Early brookies usually plentiful in AWW headwaters

Posted Jan. 07, 2011, at 5:56 p.m.
John and Ruth Snell of Carthage have been fishing, hunting and trapping on the Allagash since 1969 (courtesy of the Maine Bureau of Parks and Lands).
John and Ruth Snell of Carthage have been fishing, hunting and trapping on the Allagash since 1969 (courtesy of the Maine Bureau of Parks and Lands).

Brook trout on the Allagash Wilderness Waterway headwater lakes usually bite fast and furious during the first few weeks of the ice fishing season. The first year that I came back to the waterway after spending 20-plus years on the Penobscot River Corridor, I was amazed at the quality of the trout fishing, especially when the season first opened.

During the winter of 2009, the ranger at Chamberlain Bridge was on his days off during the Martin Luther King Jr. holiday weekend, so I went up and filled in for him. While patrolling the lake, it became obvious that people were having excellent fishing. I would ask how many fish a group had caught that day, and the standard answer was between 20 and 40 brook trout.

At first, I was a little suspicious about these glowing fishing reports, but I soon came to the conclusion that the fishing was indeed as good as people were reporting. The average fish being caught were between 12 and 14 inches long, but I did see a 20-inch brookie that day and had a report of another 20-inch fish that had been released.

One of the observations I made was that the people who were having the best luck were using red hooks. I asked about the hooks, and the typical answer was: “I don’t know if they are any better than regular hooks or not, but I’ve had good luck using these.” It wasn’t long before I switched my traps over to the red Eagle Claw laser point hooks.

The preferred location to fish is the rocky shoreline in shallow water with anywhere from 1 foot to 3 feet of water under the ice. Night crawlers seem to work as well as shiners for early season brook trout. The down side of using crawlers is that they seem to attract more chub than shiners do.

The AWW operates a winter campground at the Chamberlain Bridge parking lot and Kellogg Brook campsite. There are 48 sites available for a rental fee of $50 per month, plus the 7 percent meal and lodging tax. Eight sites are reserved in the parking lot for transient use at our regular camping fee of $4 per person per night for Maine residents and $8 for nonresidents. The water access campsites on the lakes are available for use in the winter as well as summer; the same fees apply to these sites.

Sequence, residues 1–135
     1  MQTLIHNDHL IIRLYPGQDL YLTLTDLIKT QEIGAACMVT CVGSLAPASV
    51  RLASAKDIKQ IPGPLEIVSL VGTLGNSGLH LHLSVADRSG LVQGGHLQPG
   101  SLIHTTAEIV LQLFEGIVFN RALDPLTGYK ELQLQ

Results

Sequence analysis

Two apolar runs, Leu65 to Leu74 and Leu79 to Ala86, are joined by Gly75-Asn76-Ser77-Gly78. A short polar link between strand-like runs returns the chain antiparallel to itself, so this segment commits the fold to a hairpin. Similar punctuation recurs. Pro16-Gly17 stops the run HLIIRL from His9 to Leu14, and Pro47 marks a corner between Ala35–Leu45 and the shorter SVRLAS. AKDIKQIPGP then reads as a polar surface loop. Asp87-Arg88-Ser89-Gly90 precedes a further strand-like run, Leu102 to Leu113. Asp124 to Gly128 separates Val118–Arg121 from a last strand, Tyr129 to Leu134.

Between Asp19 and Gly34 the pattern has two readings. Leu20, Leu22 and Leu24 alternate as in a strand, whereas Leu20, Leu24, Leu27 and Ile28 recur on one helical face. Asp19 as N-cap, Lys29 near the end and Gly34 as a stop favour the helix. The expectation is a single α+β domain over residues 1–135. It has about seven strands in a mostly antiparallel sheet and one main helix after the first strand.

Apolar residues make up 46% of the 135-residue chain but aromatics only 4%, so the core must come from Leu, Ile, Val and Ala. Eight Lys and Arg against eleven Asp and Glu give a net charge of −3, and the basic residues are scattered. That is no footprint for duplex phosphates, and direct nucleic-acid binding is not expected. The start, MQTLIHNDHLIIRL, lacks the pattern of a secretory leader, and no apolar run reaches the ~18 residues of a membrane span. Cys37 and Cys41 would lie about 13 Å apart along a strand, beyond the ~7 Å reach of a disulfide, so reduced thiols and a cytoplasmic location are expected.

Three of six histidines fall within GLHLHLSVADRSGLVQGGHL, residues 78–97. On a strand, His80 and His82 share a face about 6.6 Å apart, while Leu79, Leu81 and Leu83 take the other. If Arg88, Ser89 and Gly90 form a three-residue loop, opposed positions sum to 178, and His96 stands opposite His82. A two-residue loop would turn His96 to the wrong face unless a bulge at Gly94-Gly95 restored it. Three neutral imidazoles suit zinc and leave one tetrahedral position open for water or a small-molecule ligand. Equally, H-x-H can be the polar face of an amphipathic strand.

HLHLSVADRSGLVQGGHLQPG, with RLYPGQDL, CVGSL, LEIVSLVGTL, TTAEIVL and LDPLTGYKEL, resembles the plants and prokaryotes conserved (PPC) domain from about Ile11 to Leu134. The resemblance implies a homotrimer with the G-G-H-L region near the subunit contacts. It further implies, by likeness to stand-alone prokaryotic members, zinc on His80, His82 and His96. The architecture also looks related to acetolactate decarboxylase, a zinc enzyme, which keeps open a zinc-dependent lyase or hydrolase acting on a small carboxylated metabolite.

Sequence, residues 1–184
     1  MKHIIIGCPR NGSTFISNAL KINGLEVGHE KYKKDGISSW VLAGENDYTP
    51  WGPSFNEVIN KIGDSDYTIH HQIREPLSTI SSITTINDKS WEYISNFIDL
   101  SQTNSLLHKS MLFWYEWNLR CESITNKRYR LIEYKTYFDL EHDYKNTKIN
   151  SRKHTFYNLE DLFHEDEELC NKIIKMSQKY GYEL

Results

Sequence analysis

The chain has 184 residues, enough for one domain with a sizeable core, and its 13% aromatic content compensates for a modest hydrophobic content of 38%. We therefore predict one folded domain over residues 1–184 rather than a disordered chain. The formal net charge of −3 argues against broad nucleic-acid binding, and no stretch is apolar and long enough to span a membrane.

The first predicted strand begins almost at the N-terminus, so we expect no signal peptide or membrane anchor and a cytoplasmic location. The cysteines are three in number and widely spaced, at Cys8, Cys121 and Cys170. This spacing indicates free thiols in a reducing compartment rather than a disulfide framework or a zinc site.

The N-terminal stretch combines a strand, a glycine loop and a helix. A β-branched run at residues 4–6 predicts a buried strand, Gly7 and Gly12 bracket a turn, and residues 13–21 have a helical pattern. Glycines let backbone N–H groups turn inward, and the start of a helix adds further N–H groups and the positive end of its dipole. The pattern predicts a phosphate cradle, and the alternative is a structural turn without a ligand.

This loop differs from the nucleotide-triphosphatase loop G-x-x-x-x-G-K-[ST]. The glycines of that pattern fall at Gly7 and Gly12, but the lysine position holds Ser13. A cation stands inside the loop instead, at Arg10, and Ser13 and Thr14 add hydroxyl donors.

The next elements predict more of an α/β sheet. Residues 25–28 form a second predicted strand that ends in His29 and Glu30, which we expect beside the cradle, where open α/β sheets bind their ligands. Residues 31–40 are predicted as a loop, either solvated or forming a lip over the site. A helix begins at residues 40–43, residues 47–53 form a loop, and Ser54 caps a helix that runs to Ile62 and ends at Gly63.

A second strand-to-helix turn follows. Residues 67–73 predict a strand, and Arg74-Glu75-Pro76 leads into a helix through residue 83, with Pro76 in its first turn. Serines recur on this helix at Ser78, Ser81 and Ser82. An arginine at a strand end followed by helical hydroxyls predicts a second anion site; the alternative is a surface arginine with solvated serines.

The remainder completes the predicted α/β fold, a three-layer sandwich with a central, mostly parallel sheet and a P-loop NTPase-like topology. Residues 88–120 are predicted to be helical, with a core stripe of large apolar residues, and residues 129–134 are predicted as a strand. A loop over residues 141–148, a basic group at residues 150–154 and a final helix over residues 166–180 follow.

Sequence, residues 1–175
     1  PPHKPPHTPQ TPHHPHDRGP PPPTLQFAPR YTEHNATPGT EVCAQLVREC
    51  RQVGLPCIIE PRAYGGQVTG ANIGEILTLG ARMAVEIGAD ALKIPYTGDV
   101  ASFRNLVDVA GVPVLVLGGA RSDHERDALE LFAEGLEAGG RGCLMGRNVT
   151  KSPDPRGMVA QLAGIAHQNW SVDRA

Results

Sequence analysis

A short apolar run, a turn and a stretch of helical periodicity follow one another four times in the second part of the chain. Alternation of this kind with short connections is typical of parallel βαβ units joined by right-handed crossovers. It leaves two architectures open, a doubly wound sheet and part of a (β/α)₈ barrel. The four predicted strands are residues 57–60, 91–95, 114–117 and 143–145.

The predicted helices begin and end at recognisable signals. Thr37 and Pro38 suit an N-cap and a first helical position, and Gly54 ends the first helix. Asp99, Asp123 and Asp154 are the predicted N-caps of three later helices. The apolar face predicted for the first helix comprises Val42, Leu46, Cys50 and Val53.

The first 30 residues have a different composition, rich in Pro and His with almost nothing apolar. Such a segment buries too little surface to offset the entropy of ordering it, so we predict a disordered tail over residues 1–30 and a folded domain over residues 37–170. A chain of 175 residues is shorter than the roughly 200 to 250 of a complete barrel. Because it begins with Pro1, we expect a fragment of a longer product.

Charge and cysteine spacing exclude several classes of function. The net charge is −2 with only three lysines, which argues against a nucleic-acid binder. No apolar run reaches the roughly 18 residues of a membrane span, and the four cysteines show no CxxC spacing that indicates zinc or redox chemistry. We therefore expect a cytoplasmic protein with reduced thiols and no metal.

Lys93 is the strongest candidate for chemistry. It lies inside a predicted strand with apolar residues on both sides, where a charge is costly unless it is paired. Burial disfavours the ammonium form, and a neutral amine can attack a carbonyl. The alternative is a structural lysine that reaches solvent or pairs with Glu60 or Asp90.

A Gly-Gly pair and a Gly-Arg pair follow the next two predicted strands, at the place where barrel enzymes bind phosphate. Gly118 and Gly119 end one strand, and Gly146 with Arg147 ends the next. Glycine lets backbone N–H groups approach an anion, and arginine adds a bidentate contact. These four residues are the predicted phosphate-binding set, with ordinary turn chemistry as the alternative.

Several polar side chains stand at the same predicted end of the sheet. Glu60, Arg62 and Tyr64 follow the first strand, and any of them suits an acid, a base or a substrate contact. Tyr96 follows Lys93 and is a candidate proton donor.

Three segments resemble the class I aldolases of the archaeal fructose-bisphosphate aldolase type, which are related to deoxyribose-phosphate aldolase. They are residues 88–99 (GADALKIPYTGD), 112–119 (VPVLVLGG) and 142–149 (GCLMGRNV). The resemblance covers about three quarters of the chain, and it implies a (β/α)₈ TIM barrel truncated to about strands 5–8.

The AWW provides public drinking water, vault toilets, and snowplowing at the Chamberlain Bridge winter campground. A groomed snowmobile trail is marked from the parking lot to the south end of Chamberlain Lake and to Round Pond-Telos lakes.

The winter campground at Chamberlain Bridge is used predominantly by fishermen who have been coming to the waterway to recreate for many years. Everyone helps each other out and watches out for each other at the winter campground and out on the lakes.

John and Ruth Snell of Carthage have been coming to the waterway to fish, hunt and trap since 1969. John keeps informal tabs on who hasn’t returned from fishing at the end of the day and reports any unaccounted-for visitors to the ranger stationed at the thoroughfare. People also keep a watchful eye out for John and Ruth, who are both in their 80s. Everyone is quick to lend a hand to anyone who needs assistance.

Those wishing more comfortable accommodations, such as a lakeside log cabin with beds, wood stove and gas lights, may contact Nugent’s Camps at 944-5991 or www.nugentscamps.com .

Check with the AWW ranger stationed at the Chamberlain thoroughfare for current ice conditions and some local advice on where to fish and what to use for bait.

Power equipment (except power augers and snowmobiles) are not allowed in the AWW. No power equipment of any kind is allowed on Allagash Lake and Stream. Allagash Lake is open to ice fishing only during the month of February. Consult the Maine Department of Inland Fisheries and Wildlife law book for the special fishing regulations that apply to the AWW and the Maine Bureau of Parks and Lands website listed below for rules and regulations that apply to the AWW. Rule and regulations booklets for the AWW are also available at all waterway ranger stations.

Help keep the native fisheries of the Allagash unspoiled by not dumping unused baitfish down your fishing hole.

For information on the AWW, visit www.maine.gov/doc/parks/ or call 941-4014, e-mail heidi.j.johnson@maine.gov or write to the Bureau of Parks and Lands, 106 Hogan Road, Bangor 04401

It’s important to check ice conditions before you go out. For specific advice on ice conditions and areas to avoid, visitors should check with the AWW ranger at Chamberlain Bridge or call the dispatch center in Ashland between 8 a.m. and 5 p.m. Monday through Friday, at 435-7963, ext. 1.

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